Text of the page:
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Legarda Reiterates Need to Ensure Integrity of Structures to Withstand Earthquakes

October 18, 2013

In light of the recent magnitude 7.2 earthquake in the Visayas area, Senator Loren Legarda today reiterated her call for the immediate evaluation of the structural integrity of critical structures in the country.

 

According to a report from the National Disaster Risk Reduction and Management Council (NDRRMC), the earthquake that was greatly felt in Bohol and Cebu has caused the death of at least 156 people, affected more than three million citizens, and damaged structures including 2,000 houses, 20 bridges, four roads, and several heritage churches, hospitals, public buildings and private establishments.

 

“We cannot predict when an earthquake will occur, therefore, we must always be prepared. The best protection against earthquakes is sound engineering practice. With this earthquake that damaged many structures particularly in Bohol and Cebu, it is a must that we immediately revisit our construction standards, codes and practices.  We must examine them now and correct any deficiencies,” said Legarda, the UN Champion for Disaster Risk Reduction and Climate Change Adaptation for Asia-Pacific.

 

The Senator said that the evaluation and retrofitting of infrastructure in the country, especially hospitals, schools and bridges, must be done regularly to ensure that they can withstand strong earthquakes.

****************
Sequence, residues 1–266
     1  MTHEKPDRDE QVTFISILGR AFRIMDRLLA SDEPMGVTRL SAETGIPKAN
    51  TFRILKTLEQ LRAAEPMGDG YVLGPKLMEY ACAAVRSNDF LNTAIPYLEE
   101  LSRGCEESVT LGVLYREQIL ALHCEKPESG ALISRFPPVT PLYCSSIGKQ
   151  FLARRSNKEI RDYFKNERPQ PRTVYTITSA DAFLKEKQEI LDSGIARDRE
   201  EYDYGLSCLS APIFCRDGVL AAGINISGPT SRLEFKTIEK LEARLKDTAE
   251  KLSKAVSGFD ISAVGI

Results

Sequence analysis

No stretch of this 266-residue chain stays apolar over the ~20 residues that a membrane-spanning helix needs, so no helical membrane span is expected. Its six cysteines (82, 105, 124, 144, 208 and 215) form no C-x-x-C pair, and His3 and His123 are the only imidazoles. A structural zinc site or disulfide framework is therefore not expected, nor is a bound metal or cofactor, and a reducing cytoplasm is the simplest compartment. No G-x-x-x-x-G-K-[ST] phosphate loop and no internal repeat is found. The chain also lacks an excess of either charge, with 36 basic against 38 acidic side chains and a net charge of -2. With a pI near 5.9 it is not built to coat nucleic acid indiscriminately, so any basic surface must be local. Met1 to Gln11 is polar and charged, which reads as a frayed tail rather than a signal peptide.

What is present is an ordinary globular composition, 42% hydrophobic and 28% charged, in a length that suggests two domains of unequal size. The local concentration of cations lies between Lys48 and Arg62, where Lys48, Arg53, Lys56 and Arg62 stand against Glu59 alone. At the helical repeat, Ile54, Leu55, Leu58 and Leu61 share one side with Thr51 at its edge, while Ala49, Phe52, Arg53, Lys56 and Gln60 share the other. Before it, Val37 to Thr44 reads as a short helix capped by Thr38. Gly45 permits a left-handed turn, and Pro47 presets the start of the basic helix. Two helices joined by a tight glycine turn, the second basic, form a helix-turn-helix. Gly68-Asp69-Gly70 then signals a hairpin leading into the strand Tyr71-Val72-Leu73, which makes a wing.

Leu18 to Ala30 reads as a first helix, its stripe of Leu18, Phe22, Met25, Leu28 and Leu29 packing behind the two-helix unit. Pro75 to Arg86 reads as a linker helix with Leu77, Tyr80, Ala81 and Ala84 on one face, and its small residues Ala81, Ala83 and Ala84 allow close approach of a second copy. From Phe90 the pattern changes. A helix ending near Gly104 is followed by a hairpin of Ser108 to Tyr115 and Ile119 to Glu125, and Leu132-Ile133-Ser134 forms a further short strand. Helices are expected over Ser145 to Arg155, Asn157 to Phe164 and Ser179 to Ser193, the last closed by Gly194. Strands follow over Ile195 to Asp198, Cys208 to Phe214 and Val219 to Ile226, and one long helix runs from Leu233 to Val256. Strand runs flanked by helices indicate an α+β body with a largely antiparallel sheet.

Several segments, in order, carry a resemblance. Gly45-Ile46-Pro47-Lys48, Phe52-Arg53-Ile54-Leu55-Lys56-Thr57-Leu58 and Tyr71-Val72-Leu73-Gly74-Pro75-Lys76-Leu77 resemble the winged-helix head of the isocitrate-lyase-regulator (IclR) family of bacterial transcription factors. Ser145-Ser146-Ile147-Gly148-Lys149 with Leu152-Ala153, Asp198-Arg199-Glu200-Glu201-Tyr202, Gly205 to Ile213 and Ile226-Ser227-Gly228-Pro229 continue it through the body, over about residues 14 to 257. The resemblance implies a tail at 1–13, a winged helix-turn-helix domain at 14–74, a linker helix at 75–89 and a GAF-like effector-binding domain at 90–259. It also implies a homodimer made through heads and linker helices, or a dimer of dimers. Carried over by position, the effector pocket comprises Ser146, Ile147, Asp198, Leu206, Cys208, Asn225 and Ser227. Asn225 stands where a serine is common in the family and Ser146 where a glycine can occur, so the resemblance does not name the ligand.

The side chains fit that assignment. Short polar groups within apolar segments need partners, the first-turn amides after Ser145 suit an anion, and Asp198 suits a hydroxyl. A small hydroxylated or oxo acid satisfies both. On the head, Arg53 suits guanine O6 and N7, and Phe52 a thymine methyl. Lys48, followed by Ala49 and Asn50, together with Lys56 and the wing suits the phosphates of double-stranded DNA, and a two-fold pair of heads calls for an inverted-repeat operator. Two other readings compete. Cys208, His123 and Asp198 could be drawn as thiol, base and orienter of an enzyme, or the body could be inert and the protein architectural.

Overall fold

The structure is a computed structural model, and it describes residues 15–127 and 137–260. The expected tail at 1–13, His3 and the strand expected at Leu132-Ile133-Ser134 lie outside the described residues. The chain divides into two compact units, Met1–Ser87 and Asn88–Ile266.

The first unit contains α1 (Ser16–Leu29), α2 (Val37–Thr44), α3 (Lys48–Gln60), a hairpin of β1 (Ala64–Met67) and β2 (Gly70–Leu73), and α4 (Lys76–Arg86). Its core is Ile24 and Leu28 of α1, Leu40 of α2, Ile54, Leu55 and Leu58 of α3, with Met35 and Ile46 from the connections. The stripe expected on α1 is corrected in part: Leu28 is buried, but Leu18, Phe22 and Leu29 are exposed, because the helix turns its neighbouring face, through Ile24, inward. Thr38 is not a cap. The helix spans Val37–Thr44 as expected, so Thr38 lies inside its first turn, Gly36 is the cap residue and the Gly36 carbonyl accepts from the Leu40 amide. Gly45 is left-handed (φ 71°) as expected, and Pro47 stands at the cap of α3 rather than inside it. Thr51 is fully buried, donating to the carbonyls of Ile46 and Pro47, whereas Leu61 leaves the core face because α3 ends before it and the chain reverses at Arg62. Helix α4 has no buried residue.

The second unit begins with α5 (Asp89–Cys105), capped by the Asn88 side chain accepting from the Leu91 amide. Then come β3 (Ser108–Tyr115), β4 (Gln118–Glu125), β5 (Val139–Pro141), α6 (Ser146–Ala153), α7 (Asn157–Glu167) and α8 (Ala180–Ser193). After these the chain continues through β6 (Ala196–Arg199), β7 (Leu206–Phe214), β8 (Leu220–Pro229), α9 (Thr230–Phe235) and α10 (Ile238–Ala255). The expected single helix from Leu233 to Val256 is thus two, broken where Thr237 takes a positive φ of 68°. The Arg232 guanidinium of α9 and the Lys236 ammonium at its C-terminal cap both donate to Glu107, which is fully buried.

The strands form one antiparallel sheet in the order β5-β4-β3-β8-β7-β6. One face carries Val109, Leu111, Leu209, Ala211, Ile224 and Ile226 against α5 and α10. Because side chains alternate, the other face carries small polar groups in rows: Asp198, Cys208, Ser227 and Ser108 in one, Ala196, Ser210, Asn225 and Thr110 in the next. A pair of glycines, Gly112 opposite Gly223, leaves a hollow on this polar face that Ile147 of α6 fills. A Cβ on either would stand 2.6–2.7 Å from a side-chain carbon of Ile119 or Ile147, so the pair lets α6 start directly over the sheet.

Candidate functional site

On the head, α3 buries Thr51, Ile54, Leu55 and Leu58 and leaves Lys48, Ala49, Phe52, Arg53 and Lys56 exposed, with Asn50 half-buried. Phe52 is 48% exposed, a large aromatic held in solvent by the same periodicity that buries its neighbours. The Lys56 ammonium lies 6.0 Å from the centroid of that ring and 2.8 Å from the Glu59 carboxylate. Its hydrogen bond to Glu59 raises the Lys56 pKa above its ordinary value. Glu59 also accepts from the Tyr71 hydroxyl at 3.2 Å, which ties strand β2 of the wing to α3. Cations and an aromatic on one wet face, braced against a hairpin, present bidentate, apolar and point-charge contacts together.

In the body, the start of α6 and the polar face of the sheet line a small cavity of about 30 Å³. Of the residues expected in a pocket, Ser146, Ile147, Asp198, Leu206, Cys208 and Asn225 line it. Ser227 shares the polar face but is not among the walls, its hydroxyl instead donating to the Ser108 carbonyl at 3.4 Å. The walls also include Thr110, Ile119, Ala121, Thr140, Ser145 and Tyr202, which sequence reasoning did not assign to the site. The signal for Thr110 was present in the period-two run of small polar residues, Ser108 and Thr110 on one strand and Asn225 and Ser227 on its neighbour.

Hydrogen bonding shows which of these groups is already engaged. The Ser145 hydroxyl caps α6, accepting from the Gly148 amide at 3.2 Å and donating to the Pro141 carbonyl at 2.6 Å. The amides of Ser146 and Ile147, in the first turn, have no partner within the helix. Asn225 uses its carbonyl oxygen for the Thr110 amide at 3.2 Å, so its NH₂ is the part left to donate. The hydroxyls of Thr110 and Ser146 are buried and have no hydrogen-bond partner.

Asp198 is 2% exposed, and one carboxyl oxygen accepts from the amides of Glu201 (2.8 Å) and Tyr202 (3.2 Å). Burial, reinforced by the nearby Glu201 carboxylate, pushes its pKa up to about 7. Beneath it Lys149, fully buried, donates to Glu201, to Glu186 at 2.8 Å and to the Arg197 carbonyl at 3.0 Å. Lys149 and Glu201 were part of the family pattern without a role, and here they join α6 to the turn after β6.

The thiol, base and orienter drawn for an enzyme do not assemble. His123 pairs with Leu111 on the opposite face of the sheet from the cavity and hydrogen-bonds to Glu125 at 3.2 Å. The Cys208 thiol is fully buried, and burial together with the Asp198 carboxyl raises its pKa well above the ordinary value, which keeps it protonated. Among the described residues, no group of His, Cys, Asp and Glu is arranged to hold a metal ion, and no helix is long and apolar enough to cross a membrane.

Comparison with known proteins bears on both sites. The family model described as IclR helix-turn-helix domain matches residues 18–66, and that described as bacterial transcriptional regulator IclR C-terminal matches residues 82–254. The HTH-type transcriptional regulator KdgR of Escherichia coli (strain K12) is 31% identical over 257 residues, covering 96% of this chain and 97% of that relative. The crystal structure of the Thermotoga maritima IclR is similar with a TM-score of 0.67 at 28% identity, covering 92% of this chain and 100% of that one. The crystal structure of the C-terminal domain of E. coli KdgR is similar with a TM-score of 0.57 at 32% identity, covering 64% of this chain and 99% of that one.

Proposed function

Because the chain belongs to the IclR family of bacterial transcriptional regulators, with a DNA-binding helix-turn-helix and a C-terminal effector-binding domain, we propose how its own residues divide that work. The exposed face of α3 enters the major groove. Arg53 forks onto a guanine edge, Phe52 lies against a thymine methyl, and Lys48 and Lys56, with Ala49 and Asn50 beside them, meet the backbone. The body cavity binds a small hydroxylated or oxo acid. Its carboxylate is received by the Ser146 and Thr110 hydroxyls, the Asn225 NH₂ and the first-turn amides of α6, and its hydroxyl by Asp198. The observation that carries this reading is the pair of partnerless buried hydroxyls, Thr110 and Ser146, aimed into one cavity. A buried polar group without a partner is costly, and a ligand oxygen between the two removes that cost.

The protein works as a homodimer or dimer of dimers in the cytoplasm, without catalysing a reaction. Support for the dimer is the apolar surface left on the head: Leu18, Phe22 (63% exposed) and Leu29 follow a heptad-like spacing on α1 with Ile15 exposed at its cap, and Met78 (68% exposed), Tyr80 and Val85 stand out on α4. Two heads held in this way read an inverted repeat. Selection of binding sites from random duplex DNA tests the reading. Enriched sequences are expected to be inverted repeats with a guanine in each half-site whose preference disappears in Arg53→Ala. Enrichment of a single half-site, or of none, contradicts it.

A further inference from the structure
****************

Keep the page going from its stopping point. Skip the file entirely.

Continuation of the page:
“We must ensure the safety of our schools and hospitals. We were fortunate enough that the earthquake happened on a holiday, otherwise, many children would have been in their schools. Meanwhile, there were hospitals that suffered major damage due to the temblor,” Legarda said.

 

She noted that a guidebook on the promotion of disaster mitigation, which was published by the World Health Organization (WHO) and the Pan American Health Organization (PAHO), revealed that the cost of disaster-proofing a hospital or health facility by incorporating comprehensive disaster protection from earthquake and extreme climatic events into designs from the beginning will only add 4% to the cost of construction.

 

“This cost is nothing compared to the risk of destruction and death of patients and staff during a disaster, and the equally high health, economic and development impacts in the aftermath,” Legarda explained.

 

“School and hospital authorities must act now. They must consult structural engineers and assess the vulnerability of school and hospital structures to strong earthquakes, and institute immediate measures to strengthen parts found weak and likely to collapse. We should likewise ensure that our homes and offices, shopping malls and public buildings, and heritage sites are able to withstand strong earthquakes. We must ensure proper and safe construction. This lesson we must accept: Prevention is cost-effective,” she concluded.